It took the Obama-Biden administration over six years to produce the job growth and retail-sales gains the Trump administration produced in five months. Industrial production, durable goods, and housing starts all grew much more rapidly under Trump than Obama-Biden.

Trump critics blame the pandemic recession on his administration’s mishandling of the virus. Whatever missteps there might have been, the U.S. economy is performing better than peer economies that may, to a greater or lesser extent, have responded differently to the coronavirus. The International Monetary Fund predicts that from 2019 to 2021, the U.S. will have grown over 3 percent faster than the euro zone and Japan.

To be sure, the two great recessions, similar in many respects, also have differences, so their courses may not be entirely comparable, but they don’t need to be precisely compared. The sluggish first five months of the Obama-Biden recovery led to the slowest recovery in U.S. history. While there remains a long distance to full recovery from the pandemic (and the implications of a second wave remain, for now, unknowable) the Trump administration’s first five months of recovery are the nation’s fastest ever.

Steven Camarota argued that the recent slowdown in immigration (legal and illegal) had probably helped American workers:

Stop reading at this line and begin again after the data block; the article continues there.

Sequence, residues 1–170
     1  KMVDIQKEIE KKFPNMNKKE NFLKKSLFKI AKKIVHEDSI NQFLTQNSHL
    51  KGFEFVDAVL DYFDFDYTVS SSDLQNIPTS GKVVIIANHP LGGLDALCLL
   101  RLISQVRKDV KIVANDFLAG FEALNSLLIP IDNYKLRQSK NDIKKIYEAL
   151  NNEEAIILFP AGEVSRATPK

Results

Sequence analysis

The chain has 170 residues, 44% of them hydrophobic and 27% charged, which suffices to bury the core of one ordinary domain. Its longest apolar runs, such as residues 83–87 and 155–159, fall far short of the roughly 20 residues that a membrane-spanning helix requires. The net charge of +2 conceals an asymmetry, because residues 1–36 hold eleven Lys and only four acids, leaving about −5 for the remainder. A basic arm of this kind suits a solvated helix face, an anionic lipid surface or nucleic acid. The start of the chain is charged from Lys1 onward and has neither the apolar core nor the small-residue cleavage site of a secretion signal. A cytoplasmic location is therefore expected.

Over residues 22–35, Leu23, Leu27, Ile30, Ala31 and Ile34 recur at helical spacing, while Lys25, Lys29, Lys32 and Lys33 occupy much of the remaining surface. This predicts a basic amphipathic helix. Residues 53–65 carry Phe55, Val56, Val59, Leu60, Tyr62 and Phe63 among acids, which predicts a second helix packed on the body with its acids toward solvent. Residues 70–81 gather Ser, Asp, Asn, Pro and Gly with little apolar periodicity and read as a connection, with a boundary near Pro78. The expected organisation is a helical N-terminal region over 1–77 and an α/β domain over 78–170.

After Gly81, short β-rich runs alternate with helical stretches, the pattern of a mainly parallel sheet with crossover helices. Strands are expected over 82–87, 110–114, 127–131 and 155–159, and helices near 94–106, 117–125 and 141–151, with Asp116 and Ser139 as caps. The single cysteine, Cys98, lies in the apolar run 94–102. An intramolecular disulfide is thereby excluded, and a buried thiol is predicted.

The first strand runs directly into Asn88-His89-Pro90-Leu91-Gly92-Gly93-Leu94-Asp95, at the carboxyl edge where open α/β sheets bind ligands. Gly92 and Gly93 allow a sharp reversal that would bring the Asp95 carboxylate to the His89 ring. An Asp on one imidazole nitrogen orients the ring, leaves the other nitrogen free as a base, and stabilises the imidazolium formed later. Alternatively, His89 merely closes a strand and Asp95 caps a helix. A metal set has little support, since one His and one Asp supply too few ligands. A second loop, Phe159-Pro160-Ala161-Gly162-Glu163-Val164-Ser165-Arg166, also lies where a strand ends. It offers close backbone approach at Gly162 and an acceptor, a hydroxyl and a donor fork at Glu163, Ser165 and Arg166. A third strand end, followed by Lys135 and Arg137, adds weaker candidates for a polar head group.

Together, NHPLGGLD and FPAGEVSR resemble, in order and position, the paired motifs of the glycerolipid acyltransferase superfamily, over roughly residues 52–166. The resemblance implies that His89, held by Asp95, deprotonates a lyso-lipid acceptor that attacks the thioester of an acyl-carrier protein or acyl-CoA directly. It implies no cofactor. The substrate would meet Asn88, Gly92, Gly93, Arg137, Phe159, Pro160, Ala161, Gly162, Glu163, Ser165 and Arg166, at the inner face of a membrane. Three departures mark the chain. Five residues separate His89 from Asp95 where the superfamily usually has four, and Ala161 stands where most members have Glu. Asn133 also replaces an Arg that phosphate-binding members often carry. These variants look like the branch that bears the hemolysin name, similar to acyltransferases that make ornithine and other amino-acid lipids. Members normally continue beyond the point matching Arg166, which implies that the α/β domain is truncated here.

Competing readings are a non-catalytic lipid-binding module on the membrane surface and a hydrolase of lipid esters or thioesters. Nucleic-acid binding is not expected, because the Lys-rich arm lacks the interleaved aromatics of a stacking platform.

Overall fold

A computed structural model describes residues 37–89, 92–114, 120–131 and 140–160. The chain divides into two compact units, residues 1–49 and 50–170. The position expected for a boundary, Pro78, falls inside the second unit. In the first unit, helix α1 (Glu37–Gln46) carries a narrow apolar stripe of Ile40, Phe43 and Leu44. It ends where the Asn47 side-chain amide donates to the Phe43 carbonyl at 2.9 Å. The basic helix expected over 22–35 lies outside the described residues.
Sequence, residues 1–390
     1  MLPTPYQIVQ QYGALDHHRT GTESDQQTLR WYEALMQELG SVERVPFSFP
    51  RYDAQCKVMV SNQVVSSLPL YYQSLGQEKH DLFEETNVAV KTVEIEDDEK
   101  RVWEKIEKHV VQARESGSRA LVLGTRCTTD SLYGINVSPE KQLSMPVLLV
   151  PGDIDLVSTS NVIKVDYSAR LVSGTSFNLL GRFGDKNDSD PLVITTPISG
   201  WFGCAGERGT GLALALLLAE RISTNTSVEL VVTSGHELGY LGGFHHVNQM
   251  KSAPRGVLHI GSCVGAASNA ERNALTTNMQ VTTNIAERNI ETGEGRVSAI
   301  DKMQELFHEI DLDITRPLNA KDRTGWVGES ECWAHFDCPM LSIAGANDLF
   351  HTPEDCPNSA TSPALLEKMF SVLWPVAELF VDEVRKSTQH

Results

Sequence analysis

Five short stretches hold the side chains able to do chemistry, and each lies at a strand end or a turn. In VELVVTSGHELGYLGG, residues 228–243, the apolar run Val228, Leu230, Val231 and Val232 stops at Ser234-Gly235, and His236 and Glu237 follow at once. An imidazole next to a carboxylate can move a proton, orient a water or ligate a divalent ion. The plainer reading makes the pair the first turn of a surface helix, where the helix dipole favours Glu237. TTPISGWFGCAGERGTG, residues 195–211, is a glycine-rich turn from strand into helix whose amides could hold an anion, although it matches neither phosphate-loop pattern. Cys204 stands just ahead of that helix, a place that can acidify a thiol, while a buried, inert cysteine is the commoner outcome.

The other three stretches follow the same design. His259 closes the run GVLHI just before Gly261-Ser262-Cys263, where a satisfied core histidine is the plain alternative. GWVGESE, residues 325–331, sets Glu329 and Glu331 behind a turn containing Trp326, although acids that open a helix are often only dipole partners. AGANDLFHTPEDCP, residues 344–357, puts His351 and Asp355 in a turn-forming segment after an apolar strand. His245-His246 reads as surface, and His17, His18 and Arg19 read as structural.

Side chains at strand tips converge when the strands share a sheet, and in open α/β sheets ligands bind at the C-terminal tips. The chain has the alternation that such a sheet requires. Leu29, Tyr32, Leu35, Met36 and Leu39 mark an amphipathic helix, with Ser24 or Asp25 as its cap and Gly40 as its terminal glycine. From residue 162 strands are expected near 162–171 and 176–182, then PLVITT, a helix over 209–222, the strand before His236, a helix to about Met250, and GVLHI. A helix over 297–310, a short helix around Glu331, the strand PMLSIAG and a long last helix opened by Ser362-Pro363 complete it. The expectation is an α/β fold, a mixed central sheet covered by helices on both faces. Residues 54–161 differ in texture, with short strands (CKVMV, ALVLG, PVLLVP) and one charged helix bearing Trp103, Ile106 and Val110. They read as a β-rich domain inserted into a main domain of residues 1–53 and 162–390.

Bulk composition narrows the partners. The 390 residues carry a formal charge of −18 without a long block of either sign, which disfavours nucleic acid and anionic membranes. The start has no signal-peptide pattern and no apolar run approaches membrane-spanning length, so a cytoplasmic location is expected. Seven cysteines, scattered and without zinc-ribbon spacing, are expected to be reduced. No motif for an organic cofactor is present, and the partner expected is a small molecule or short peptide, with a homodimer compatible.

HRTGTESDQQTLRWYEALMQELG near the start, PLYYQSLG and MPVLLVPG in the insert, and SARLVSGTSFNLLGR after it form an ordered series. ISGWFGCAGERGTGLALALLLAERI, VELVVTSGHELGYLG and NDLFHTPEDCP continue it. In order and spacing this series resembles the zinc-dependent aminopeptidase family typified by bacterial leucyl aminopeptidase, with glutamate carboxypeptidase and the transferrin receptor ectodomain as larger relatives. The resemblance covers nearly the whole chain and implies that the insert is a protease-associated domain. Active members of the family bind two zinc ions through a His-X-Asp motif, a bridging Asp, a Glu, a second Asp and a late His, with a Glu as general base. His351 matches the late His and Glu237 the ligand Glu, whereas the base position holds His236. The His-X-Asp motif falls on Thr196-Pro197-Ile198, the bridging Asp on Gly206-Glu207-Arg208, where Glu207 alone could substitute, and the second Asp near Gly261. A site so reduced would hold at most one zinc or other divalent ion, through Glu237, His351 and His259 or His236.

In two recent reports (see here and here), I made the case that Trump administration policies very likely account for much of the slowdown in immigration, even in the face of a strong economy. As for the improvement in labor-force participation, three key observations can be made: First, declining labor-force participation is not inexorable. Some American workers who are on the sidelines can, in fact, be drawn back into jobs. Second, things clearly improved for American workers even as immigration slowed. So the idea that very high levels of immigration are required to increase opportunities for Americans is invalid. Third, recent trends in labor-force participation are consistent with the possibility that American workers benefit when there is less immigration. In sum, the strong economy coupled with lower levels of immigration that characterized the first years of the Trump administration seems to be the best of all worlds for American workers, at least with regard to labor-force participation. Perhaps policy-makers should strive for this situation in the future.

COVID-19, I noted, is “a bad disease that has been used to breathe new life into bad ideas. And so it comes as no surprise that the World Economic Forum (“Davos”) is deploying the pandemic as an argument for what it labels, with characteristic modesty, “The Great Reset” initiative, a variant of what the WEF has been pushing for a while and, as usual, centered on “stakeholder capitalism,” an idea it has been pushing for half a century.